Imbabazi is dedicated to the continuation and preservation of Roz Carr’s legacy of nurturing and empowering Rwanda’s children and local communities through education, skills training, and income generating opportunities.
In the aftermath of the 1994 genocide in Rwanda, at the age of 82, Rosamond Carr (known to her friends as Roz) founded an orphanage on her flower plantation in the foothills of the Virunga volcanoes. The orphanage is called Imbabazi, which means “a place where you will receive all the love and care a mother would give.” Since it opened its doors in December of 1994, Roz and her staff have cared for more than 400 lost or orphaned children. The Imbabazi is and remains a haven of love and safety and a symbol of hope for all.
Rosamond Carr was born in 1912 in South Orange, NJ; she traded in her life as a fashion illustrator and New York City socialite to follow her husband, dashing British hunter and explorer Kenneth Carr, to what was then the Belgian Congo. The marriage did not last, but Roz’s love for the country and its people was kindled. She bought a plantation of her own in the tiny neighboring country of Rwanda and created a remarkable life for herself there – a life filled with romance and adventure, untold hardships and personal loss, political upheaval and civil wars, and a life that was dedicated, in large part, to the Rwandan people. From the beginning, she helped people by distributing medicine for small ailments, administering first aid and paying school fees for children.
Roz Carr was the longest-living foreign resident in Rwanda and the last of the foreign plantation owners. She witnessed the decline and fall of colonialism in Africa and the emergence of new and struggling African states. She sailed up the Congo River and camped in Pygmy villages. She survived civil wars, revolutions, and one of the greatest human tragedies of our time, the Rwanda genocide of 1994.
Rwanda has come a long way since 1994. While it has struggled to come to terms with the huge loss of life, Rwanda has made great strides in rebuilding its infrastructure, restoring its economy, and promoting peace, justice and reconciliation among its people. Roz and the Imbabazi are one of the many success stories that symbolize the rebuilding of the nation of Rwanda.
Rosamond Carr passed away on September 29, 2006 at Imbabazi, the home she loved for more than 50 years; she was 94 years old. One of the few regrets of her life was that she never had children of her own. Through the Imbabazi Orphanage however, she became mother to hundreds of Rwandan children. The Imbabazi Foundation Board of Directors and the onsite management team continue this legacy and the operations of Imbabazi today.
The orphanage was founded in 1994, after the Rwandan genocide, to care of the many children who were lost or orphaned. Some have seen their families die or be killed right before their eyes, while others have no memory of their lives before arriving at the orphanage. The children are from both ethnic groups, Hutu and Tutsi, yet they all receive an equal amount of love and care with no ethnic distinctions or barriers. The children are very much a family, and their courage and love for one another are truly testament to the resiliency of the human spirit.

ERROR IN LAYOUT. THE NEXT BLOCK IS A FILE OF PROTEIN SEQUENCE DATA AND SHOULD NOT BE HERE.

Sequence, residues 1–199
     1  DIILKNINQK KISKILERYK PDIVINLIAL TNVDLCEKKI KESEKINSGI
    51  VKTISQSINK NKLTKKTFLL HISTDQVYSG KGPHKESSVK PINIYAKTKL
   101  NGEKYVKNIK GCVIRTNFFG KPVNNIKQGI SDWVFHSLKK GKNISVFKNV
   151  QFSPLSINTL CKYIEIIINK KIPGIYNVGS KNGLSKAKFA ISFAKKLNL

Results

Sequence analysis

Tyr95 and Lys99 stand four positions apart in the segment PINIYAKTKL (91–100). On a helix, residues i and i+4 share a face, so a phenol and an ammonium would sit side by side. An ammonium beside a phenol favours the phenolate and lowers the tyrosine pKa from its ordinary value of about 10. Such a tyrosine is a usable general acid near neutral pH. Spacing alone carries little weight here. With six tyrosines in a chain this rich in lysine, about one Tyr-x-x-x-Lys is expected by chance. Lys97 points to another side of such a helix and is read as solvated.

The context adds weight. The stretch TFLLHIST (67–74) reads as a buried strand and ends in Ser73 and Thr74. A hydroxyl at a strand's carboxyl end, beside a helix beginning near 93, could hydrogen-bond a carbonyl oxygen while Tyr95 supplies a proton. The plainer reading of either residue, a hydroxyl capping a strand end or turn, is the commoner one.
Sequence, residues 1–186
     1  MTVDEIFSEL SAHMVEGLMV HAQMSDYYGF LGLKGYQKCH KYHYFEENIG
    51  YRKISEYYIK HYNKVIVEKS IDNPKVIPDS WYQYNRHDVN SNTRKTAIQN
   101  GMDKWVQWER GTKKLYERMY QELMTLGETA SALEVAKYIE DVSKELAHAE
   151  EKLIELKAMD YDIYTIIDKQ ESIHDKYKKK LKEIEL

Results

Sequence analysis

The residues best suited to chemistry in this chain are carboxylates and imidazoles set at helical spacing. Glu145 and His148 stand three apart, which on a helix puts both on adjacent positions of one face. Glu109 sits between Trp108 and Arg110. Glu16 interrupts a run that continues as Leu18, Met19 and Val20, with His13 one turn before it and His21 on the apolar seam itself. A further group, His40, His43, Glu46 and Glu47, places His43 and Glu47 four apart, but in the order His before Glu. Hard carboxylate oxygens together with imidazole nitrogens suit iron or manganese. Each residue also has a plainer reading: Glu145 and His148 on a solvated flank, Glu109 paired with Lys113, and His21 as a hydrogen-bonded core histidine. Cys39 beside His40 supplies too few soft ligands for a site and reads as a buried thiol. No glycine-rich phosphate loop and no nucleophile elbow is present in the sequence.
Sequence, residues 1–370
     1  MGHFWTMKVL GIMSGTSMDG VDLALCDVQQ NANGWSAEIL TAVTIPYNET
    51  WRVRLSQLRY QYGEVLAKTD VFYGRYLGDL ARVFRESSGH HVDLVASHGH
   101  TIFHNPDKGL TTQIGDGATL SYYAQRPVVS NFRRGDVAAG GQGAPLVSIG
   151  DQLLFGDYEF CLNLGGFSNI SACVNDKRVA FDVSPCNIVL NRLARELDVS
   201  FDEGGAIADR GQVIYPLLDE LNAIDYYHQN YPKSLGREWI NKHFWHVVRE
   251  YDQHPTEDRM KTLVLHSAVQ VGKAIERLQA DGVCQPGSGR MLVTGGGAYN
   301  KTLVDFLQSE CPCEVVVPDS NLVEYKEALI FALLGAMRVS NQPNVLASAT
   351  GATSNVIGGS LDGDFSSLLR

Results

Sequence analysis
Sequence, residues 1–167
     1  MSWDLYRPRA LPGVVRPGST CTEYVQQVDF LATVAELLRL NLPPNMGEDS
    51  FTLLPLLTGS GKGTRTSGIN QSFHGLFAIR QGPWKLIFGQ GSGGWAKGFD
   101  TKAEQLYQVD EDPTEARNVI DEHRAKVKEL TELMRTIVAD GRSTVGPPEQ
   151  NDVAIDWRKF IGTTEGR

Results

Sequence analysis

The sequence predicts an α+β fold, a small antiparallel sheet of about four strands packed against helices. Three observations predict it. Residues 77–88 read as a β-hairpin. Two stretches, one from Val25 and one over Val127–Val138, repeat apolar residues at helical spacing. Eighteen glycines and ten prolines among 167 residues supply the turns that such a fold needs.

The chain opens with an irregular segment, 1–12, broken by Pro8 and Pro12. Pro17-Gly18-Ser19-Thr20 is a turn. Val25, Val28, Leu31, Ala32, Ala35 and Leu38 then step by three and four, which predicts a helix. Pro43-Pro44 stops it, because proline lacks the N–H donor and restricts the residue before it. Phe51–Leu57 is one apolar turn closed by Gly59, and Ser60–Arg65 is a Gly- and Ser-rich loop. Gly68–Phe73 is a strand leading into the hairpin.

Since its inception, Imbabazi has cared for more than 400 children. Many of these children have since been reunited with family members while others have gone on to lead successful independent lives. The orphanage was home to 51 children who are in the process of completing their primary and secondary studies and transitioning into young adulthood. The orphanage also provides financial support to several children who have been previously reunited with families and pays the school fees of all Imbabazi employees’ children.
The orphanage was created as a response to a specific and acute need in the community in 1994. As the community’s needs are changing, we no longer accept children as residents at Imbabazi. Even though the kids not longer live here due to reunification, we are committed to supporting them until they complete their education. It is our goal to make an impact on the lives of all children living in our community as we move forward.
Children are the future of Rwanda, and Imbabazi is dedicated to providing them with every opportunity to lead healthy, happy lives and to pursue their dreams. Our focus is on education, vocational training, and the teaching of life skills to prepare them for successful careers and meaningful adult lives.
The building pictured above was first built as a pyrethrum drying house on Roz’s plantation. When the pyrethrum industry collapsed in the 1970s, the building fell into disrepair until 1994, when it was refurbished and converted into the first home for the Imbabazi Orphanage. There were two dormitories on the top floor, one for the girls and one for the boys, and a large open area on the ground floor for eating and playing. By 2005, Roz had acquired so many children that new dormitories were built to accommodate them all.
Thanks to a generous grant, this building has been restored to its original glory and was recently launched as a museum, honoring Roz’s life and works.
The upstairs of the building has been renovated to show its original use as a pyrethrum drying facility, there are posters depicting Roz’s life with quotes from her auto-biography “Land of a Thousand Hills” and an area which, in time, we hope will be devoted to the history of the orphanage itself.